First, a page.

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We need fundamental change

“Spend more time remedying and you will spend less time regretting” Life's Little Instruction Calendar 2010.My wishes for the New Year, Mr. Editor, will come as no surprise to anyone. They are the unfulfilled wishes of 2010 and they centre, as always, on the need to change the way we do the country's business, on and off the Hill.

It is more than just a parliamentary makeover that we need. The kind of reform which I have in mind features some fundamental changes that could, over time, help bring about a dramatic shift in the way our legislators work; and all for the better, I contend. While we hear repeatedly about the need for a better way, which sounds awfully nice, words without a roadmap on how to get us there, remain just that, words, signifying nothing.

For those who have been following along, but not to bore (I hope), let me re-cap some of the steps that I think need to be taken to achieve a better way:

1. An independent audit of the Legislature by the Commonwealth Parliamentary Association (CPA), of which Bermuda is a member, and whose conferences we attend on an annual basis, and who gladly undertake such reviews for member states. They will help point out how we can improve and provide independent verification of what needs improvement for those who require outside independent verification. This exercise could take the form of the CPA-sponsored conference which Government promised in the 2009 Throne Speech, but on which it has yet to deliver, speaking, ahem, of unfulfilled wishes.

2. A Legislature website is a must. Technology has provided us with a quick and efficient way of keeping people informed. Bills, motions, minutes, questions, answers, reports, should all be posted and available for review. There should also be the capacity for on-line comment and discussion.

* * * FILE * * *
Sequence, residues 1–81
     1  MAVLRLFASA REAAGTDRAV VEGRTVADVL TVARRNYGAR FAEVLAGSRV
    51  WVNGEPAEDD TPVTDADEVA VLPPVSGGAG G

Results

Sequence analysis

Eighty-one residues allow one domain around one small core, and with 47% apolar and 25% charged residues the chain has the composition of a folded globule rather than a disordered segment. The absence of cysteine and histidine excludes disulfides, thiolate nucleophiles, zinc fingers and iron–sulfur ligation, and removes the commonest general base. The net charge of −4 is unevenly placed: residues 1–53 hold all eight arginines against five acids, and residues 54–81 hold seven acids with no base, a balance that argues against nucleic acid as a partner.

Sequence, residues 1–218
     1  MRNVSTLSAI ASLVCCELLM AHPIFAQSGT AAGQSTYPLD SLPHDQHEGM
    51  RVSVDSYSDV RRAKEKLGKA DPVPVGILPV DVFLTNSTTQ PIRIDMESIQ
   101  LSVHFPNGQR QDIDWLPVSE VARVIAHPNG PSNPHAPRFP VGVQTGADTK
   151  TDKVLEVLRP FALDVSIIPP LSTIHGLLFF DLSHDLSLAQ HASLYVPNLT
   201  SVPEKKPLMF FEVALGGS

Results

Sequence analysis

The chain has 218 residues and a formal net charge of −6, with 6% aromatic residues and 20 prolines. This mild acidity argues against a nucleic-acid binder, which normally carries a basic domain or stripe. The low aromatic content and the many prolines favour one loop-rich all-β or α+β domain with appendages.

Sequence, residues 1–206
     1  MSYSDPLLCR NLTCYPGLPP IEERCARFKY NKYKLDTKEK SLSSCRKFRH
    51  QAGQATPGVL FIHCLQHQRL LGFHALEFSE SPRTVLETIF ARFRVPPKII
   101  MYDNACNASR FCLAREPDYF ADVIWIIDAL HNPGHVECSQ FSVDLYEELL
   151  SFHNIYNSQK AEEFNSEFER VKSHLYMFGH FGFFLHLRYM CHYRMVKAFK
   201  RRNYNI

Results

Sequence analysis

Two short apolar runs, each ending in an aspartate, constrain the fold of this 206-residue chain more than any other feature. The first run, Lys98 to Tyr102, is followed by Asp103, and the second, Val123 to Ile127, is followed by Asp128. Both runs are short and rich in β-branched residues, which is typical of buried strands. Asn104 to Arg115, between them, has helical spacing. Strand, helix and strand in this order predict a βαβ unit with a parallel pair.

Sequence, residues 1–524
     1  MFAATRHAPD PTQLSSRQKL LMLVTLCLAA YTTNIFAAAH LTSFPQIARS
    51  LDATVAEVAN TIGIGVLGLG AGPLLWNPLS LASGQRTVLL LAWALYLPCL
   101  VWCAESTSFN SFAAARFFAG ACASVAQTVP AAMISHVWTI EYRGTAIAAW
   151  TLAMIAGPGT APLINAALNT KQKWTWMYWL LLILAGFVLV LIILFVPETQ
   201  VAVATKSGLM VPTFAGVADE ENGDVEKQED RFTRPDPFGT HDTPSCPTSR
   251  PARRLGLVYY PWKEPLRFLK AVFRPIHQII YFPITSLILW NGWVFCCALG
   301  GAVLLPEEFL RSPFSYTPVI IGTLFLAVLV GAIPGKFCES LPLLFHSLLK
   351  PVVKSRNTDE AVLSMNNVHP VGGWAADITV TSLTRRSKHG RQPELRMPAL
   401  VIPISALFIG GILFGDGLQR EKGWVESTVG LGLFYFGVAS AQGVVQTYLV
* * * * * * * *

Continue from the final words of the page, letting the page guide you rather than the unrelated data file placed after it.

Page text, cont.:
3. A cross-party Legislative committee, which like the Private Bills Committee, should meet regularly with those who draft legislation to review, and to question and to ultimately achieve a better understanding of what's proposed and why. Unlike the Public Bills Committee, its meetings should be public so all who are interested will have the opportunity not just to look in but to understand.

4. All committee hearings should be open to press and public alike.

5. The cross-party Public Accounts Committee (PAC) should continue to lead the way. There should be no need to underscore the importance of this committee's work. Its job is to hold the Government accountable on spending, working hand in glove with the Auditor General. It shouldn't just have to wait for reports from the Auditor General, although clearly the findings of her office need to be investigated. Decision makers need to be held to account and this is the way it is meant to be done, by calling on them to explain their decisions. Publicly. This is transparency and accountability in practice. It's such a critical role PAC plays that we might reasonably expect to see hearings almost weekly as they try to get on top of not just the backlog of outstanding reports but current spending as well.